Title IX

No person in the United States shall, on the basis of sex, be excluded from participation in, be denied the benefits of, or be subjected to discrimination under any education program or activity receiving federal financial assistance. —Title IX of the Education Amendments of 1972

Title IX is designed to eliminate sex discrimination in schools and education programs.

Many people associate Title IX with female athletes, because of the great strides made toward gender equity in athletic opportunities in schools since its passed into law, and with the anti-campus rape movement, because of the great attention made to college activists who have leveraged Title IX to force colleges to more effectively address student allegations of sexual misconduct and harassment.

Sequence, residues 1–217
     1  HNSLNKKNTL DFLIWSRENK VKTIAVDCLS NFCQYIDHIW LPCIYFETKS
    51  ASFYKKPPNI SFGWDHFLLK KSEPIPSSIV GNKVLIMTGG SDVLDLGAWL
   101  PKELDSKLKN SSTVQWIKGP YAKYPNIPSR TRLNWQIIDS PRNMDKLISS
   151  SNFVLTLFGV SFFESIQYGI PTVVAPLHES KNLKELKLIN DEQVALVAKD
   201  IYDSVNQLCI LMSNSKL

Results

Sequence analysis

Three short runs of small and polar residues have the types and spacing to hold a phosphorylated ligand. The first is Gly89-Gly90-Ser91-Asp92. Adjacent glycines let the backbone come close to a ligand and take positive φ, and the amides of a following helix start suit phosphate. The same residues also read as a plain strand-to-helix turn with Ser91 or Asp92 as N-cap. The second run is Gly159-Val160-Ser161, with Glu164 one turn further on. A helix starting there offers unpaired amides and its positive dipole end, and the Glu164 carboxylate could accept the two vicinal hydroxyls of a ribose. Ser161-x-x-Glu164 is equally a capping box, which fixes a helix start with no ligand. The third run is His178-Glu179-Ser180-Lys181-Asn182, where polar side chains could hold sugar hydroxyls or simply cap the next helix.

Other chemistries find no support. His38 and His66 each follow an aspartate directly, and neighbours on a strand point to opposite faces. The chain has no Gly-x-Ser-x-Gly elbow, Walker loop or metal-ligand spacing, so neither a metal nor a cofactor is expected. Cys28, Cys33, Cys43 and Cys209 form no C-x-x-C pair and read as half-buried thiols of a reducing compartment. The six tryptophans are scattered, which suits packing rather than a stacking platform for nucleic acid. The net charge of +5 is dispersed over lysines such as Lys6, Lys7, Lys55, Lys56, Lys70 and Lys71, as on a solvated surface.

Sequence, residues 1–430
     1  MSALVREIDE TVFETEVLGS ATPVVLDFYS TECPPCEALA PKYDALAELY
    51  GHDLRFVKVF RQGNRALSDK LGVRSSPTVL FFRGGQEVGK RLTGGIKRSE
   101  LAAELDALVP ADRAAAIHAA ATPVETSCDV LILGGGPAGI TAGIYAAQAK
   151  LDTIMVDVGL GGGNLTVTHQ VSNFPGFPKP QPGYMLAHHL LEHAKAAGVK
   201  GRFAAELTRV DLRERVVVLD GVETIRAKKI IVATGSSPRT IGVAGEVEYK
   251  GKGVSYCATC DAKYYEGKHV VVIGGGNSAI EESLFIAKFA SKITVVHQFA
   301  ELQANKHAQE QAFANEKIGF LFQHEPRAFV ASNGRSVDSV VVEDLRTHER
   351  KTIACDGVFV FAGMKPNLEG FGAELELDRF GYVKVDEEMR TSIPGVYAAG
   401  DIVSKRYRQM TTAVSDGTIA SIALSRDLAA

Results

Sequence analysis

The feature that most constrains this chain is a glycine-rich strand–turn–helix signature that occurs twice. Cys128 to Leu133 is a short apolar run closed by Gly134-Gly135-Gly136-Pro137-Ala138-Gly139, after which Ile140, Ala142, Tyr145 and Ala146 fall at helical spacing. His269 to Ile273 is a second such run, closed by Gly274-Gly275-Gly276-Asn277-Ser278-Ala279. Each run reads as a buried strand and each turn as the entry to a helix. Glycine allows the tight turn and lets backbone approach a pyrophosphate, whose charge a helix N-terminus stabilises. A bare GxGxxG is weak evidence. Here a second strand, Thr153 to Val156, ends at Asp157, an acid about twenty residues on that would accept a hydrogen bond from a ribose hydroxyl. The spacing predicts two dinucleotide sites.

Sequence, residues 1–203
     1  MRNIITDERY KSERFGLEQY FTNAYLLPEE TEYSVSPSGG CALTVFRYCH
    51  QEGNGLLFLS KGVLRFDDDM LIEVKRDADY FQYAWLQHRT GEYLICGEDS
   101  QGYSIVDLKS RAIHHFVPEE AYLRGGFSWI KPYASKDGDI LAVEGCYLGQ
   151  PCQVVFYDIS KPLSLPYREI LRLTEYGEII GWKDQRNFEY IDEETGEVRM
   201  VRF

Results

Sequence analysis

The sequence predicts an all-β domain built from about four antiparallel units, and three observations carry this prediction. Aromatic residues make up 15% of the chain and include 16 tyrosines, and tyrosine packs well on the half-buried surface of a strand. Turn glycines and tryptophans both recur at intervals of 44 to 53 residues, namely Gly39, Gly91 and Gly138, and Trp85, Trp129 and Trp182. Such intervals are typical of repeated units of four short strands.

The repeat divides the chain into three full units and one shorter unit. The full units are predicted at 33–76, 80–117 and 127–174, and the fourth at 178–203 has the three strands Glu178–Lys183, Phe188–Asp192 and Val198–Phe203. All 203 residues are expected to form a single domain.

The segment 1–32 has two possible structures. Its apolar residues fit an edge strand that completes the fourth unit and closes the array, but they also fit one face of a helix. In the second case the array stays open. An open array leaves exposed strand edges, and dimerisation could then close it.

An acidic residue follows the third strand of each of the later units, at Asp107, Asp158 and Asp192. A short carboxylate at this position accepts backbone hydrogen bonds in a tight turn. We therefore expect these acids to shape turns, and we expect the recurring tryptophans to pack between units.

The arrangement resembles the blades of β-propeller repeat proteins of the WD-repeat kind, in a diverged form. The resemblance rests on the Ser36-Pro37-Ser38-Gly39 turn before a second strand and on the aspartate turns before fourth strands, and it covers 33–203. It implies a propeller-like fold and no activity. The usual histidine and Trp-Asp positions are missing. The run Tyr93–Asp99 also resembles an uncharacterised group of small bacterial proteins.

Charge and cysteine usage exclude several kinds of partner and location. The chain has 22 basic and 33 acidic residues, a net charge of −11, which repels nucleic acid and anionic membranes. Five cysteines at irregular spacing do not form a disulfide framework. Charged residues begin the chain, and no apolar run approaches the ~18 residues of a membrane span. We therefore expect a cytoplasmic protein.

However, Title IX is a gender-neutral law that seeks to eliminate sex and gender discrimination in many arenas. It also demands equity in career and technical education programs as well as STEM education; limits single-sex education programs that separate boys and girls based on gender stereotypes; protects students from being denied enrollment or excluded from school-based activities due to pregnancy or parenting status; requires schools to address sexual harassment. Title IX also requires schools to designate a Title IX coordinator, develop complaint procedures,and adopt a non-discrimination policy, all of which must be publicized.

Much progress has been made in addressing sex and gender discrimination in education programs since Title IX passed into law in 1972, but challenges remain, especially in the areas of enforcement and compliance.